A speech by Cromwell to MPs, responding to the ‘Humble Petition and Advice’, 3 April 1657
(W.C. Abbott (ed.), The writings and speeches of Oliver Cromwell, Vol. III, pp.445-46. Published by Harvard University Press, Cambridge, 1947)
You have been devoted to the two greatest concerns that God has in the world.
[1.] One is religion,
and the protection of religious people, giving them all due and just freedom,
and declaring the truths of God, which you have done in part in this paper, and which you and I intend to do more fully after this.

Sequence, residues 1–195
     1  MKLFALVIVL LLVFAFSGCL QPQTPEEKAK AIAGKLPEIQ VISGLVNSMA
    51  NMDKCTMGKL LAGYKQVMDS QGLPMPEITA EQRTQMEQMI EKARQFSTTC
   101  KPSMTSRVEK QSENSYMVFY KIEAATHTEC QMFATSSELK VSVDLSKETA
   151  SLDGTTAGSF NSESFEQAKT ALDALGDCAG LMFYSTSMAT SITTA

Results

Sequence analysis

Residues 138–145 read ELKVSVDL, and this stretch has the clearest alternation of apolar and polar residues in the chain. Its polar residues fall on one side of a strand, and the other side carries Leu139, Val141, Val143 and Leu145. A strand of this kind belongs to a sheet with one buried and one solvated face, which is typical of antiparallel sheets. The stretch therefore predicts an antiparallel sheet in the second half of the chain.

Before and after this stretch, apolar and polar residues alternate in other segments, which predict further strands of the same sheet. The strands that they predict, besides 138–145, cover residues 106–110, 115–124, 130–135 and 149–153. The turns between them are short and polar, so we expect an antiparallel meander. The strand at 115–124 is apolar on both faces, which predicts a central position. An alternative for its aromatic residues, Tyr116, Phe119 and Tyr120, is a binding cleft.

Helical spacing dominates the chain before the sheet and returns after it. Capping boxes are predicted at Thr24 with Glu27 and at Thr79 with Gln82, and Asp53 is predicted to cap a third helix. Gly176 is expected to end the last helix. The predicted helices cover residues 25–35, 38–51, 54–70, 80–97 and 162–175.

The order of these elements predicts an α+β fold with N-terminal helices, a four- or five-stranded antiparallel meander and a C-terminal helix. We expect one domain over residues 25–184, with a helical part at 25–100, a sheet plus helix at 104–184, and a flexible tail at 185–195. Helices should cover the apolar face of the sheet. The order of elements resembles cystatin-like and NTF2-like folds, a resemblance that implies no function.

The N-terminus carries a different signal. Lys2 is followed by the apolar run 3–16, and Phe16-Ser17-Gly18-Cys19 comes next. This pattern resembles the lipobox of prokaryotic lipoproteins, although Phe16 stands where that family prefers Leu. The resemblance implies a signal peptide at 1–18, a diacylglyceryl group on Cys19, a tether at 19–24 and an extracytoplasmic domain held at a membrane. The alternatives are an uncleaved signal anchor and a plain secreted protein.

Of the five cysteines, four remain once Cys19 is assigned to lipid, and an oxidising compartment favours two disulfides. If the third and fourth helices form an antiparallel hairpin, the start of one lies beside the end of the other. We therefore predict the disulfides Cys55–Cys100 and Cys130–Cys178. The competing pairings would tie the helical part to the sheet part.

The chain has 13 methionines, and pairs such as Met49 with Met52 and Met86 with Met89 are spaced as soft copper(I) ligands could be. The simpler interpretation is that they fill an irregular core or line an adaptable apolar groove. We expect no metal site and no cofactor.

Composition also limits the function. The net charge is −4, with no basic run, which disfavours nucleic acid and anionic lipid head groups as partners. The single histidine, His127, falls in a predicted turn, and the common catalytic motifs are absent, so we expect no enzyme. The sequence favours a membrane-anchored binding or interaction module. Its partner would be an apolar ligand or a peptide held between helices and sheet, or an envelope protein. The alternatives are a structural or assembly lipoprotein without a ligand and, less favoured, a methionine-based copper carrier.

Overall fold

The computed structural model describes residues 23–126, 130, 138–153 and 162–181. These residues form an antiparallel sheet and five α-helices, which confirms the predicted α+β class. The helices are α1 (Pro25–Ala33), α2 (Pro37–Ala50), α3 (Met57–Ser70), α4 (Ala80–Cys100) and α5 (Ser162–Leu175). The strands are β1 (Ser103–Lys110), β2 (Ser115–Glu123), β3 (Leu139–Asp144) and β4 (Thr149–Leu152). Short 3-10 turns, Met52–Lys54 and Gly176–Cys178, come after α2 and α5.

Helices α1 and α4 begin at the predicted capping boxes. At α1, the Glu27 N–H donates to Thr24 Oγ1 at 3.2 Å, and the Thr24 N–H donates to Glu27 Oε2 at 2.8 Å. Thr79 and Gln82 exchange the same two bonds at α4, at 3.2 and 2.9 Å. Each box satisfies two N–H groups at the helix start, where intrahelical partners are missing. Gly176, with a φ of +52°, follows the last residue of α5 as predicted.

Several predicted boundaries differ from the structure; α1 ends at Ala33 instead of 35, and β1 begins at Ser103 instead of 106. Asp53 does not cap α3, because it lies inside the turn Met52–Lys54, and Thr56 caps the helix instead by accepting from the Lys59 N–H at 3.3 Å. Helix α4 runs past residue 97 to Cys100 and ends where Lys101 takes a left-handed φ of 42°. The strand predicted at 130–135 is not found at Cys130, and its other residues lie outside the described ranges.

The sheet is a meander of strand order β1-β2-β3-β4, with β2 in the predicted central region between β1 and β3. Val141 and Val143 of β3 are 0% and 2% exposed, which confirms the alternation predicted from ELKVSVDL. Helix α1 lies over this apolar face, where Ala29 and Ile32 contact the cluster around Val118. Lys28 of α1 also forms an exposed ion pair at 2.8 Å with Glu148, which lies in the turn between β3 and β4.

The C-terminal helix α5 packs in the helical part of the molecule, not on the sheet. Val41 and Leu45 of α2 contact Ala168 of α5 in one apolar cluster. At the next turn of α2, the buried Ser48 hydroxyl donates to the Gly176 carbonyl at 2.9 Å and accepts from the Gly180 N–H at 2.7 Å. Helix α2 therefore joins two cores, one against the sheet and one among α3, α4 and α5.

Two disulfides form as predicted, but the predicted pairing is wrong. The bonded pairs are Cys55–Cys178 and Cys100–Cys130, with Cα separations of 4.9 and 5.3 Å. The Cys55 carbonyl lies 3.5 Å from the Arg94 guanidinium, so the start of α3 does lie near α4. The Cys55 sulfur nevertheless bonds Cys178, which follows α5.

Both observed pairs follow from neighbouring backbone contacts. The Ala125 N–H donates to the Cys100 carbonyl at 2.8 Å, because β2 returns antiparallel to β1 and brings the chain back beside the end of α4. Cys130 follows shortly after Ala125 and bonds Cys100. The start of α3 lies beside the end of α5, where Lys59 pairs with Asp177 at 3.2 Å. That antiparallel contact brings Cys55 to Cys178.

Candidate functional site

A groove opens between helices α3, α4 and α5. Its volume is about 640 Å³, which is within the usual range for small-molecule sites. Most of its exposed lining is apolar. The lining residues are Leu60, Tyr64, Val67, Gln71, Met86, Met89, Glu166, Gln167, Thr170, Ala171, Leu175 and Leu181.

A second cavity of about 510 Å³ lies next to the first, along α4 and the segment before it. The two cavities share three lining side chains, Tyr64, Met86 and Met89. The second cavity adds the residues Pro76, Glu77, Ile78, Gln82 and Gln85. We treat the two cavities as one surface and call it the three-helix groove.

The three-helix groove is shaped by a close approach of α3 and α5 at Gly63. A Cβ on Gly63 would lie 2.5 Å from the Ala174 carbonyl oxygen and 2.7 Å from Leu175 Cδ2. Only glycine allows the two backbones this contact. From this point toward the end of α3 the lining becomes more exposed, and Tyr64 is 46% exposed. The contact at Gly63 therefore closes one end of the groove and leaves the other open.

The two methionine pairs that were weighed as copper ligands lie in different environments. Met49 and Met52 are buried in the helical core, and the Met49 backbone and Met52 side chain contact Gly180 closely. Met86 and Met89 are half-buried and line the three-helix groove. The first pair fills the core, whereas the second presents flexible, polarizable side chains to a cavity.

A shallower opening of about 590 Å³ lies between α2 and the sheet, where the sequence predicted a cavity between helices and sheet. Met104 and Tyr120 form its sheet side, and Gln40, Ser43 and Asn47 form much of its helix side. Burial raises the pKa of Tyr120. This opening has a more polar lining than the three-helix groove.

and as to the freedom of men among us practising Godliness [religion] under a variety of forms, you have allowed that, which was never done before. ……
[2.] The other thing cared for is the civil liberty [freedom] and interest of the nation. Though it is, and I think ought to be, second to religion, yet it is the next best thing God has given men in this world. ……
You have shown your value and affection for me, as high as you could. More you could not do! I shall always keep a grateful memory of this in my heart, and I give the Parliament this, my grateful thanks.